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Public acceptability of highway safety countermeasures. Volume 3, Alcohol and drug research
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Public acceptability of highway safety countermeasures. Volume 3, Alcohol and drug research
  • Publication/ Report Number:
    DOT-HS-805-972 ; NTIS-PB82110438 ;
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    Final report
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  • Abstract:
    Scanned by Ecompex on April 13 2007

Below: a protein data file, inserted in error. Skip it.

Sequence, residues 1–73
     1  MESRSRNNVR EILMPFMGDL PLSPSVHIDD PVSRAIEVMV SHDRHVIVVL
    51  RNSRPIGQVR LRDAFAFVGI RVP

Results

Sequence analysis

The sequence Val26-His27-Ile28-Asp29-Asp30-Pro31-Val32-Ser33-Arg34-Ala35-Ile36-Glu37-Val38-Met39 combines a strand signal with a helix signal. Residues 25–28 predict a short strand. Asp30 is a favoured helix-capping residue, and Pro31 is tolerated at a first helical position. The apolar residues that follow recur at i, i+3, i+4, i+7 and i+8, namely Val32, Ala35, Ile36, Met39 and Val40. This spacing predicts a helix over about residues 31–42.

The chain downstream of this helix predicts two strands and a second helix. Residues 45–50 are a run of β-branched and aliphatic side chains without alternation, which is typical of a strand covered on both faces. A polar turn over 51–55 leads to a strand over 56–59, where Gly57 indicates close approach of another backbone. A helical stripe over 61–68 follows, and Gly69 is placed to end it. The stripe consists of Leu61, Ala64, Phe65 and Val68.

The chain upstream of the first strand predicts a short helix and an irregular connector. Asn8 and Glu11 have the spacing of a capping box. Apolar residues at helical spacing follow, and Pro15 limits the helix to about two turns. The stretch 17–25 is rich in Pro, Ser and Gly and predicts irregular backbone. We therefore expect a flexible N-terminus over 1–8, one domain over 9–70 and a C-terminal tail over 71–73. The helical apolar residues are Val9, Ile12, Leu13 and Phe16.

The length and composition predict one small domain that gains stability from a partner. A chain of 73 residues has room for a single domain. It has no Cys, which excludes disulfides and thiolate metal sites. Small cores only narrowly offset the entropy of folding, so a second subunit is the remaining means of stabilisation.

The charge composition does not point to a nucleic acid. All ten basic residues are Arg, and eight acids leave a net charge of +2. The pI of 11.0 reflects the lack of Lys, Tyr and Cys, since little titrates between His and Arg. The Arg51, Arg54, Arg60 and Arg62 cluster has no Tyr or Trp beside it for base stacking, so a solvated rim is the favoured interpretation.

This volume, part of a larger study on public attitudes towards proposed highway safety countermeasures for alcohol and drugs, unsafe driving behaviors, and pedestrian safety, discusses reactions to breath testers, drunk-driving deterrence techniques, and roadside surveys. Although not a safety strategy, roadside surveys are necessary to obtain accurate measures of drivers' impairment conditions in order to develop appropriate highway safety programs. Safety strategy acceptability issues in the public survey are presented in relation to demographic characteristics, personal drinking habits, perceived countermeasure effectiveness, and perception of the drinking-driving problem; while likelihood of participation, personal safety, validity of information obtained, and logistical factors in data collection mark the criteria for evaluating roadside surveys. Legal and liability concerns, cost and implementation issues, potential effectiveness, and perceived public opposition exemplify dimensions used by special interest group members to evaluate countermeasure strategies. Perspectives on reactions to countermeasures in other program areas can he found in Volume II for Safe Driving Conformance Research and in Volume IV for Pedestrian Safety. Volume I of this report describes the research methodology, while Volume V (Surmary Report) concisely summarizes the principal results of each of the detailed countermeasure reports and provides guidelines for successful implementation of highway safety countermeasures. /Abstract from report summary page/

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